To counter the closed iPhone model, Google chose to make Android an Open Source project, which meant that anyone could take Android Operating System, modify it, improve it, extend it, and potentially build a $100 Million company around.
The first companies to modify the Android OS were carriers. Firms such as HTC and Samsung did not feel like the user experience of Android was good enough for their customers. So they used the Open Source Android product and modified it for use on their handsets. These modifications started with custom home pages, enhanced apps, additional features, and the drivers for their hardware.
The general consumer generally liked the carrier modifications, but as Android advanced and the out-of-the-box “Google Experience” became better, technical enthusiasts preferred not to be locked in with the carriers and looked for a way to get rid of all the modifications and use Android the way Google intended.
Like most great things CyanogenMod (pronounced sigh-AN-oh-jen-mod) started out as a simple “hack” of Android by a group of developers who wanted to offer an alternative installation of the Android OS.
Cyanogen stripped out the proprietary pieces of Android that were offered by the carriers, and replaced them with generic “builds” that are targeted specific handsets. As the CyanogenMod project grew, they developed additional features that were only available on phones running the CyanogenMod OS.
While CyanogenMod has been around for several years in the second half of 2014 they saw an intense ramp up of their business with two rounds of Venture Capital om two months. In September CyanogenMod incorporated, and immediately was infused with $9 million of capital in an investment round led by Benchmark Capital. By the 19th of December, they had already closed on an additional $23 Million in their Series B round of funding lead by Andreeson Horowitz.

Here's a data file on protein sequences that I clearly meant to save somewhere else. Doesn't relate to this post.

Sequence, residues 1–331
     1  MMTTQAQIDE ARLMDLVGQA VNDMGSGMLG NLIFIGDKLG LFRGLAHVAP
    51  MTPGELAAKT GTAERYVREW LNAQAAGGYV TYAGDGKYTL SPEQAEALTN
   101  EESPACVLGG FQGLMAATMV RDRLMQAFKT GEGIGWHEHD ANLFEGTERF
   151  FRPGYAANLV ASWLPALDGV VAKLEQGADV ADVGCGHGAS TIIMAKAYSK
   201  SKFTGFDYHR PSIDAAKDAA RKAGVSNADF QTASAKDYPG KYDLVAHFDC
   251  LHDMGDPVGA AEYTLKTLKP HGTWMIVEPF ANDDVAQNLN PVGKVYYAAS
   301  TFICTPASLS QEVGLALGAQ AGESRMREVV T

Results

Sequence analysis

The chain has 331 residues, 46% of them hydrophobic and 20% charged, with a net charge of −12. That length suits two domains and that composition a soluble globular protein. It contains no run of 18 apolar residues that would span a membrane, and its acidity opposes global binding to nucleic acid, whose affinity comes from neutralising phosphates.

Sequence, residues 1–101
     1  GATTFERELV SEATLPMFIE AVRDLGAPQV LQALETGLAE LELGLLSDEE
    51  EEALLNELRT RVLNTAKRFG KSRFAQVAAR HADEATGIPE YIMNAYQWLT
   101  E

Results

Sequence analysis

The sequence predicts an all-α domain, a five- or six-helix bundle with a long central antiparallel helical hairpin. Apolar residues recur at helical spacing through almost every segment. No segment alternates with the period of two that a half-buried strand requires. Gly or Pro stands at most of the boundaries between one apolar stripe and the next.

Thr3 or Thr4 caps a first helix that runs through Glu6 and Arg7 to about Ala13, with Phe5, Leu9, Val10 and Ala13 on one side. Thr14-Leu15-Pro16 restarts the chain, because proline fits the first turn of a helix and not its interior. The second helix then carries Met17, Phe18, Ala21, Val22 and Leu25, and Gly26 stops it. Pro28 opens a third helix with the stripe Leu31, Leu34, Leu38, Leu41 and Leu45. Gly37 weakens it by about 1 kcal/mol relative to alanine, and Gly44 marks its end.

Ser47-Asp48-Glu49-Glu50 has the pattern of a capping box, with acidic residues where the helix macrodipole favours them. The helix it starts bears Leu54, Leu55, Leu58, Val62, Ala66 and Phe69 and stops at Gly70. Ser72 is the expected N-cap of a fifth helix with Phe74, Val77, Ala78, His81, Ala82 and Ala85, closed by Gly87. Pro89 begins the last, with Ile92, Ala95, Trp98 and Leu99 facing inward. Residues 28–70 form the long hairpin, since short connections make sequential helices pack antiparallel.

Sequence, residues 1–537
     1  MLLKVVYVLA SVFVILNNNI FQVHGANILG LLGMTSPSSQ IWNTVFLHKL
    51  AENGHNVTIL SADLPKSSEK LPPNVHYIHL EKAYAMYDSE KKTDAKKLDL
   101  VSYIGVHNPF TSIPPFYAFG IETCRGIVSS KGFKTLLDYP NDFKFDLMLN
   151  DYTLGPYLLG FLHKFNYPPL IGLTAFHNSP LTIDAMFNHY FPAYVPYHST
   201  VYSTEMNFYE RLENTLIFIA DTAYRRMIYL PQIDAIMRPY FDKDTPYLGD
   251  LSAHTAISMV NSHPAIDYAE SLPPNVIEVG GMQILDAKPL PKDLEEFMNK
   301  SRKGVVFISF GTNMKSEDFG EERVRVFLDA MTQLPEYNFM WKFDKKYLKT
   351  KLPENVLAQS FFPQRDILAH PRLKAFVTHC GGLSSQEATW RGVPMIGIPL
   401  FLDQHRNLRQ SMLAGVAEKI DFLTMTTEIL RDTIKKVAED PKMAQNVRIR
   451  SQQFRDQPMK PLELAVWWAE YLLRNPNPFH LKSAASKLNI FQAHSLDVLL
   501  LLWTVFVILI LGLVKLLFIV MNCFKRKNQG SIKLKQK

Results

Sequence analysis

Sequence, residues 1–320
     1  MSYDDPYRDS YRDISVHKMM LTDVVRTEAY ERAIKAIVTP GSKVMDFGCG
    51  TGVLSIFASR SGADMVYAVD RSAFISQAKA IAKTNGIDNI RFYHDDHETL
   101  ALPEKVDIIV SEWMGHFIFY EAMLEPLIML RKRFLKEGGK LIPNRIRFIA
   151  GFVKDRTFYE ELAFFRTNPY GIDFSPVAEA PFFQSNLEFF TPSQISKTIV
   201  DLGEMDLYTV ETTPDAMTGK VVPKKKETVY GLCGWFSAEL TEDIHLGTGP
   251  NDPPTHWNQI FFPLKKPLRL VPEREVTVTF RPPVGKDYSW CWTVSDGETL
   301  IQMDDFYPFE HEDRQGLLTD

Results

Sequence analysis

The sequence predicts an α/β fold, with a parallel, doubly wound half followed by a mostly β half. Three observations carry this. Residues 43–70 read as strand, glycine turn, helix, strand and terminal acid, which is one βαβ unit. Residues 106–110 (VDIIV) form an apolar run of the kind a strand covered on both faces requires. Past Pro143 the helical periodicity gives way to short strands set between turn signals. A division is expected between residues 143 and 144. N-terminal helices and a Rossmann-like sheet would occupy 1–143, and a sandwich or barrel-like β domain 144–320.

With the infusion of cash, CyanogenMod hired 17 employees and created an easy installer which will get their software onto any Android handset.
In December CyanogenMod launched their first Google Certified Phone the OPPO – more deals with OEMs are said to be in the works.
My experience with CyanogenMod
I started using CyanogenMod about 4 months ago, when I grew frustrated with the speed and functionality of my ageing Galaxy S3. Where many people would have upgraded to the Galaxy S4 or a newer handset, the light-weight features of CyanogenMod breathed new life into my existing handset.
Once I got rid of the Samsung TouchWiz carrier modifications, not only was everything faster, but with Android 4.3 I now had access to the most recent operating system features. While some parts of the CM experience still seem rough around the edges, the general look and feel is fantastic.
CyanogenMod is moving up
CyanogenMod is clearly run by very smart people who saw the gap between the open source Android Operating System that Google released, and the handset specific software that the OEMs provided to their carriers. CM is the only company who builds operating systems for multiple OEM brands of smart phones, this technology is hugely valuable.
CM took advantage of a very specific opportunity, which was made available by Google offering Android as Open Source, and now with management & VC partners in place, I believe that CM will refine their product and prove to be a large player in the smartphone software market in the years ahead.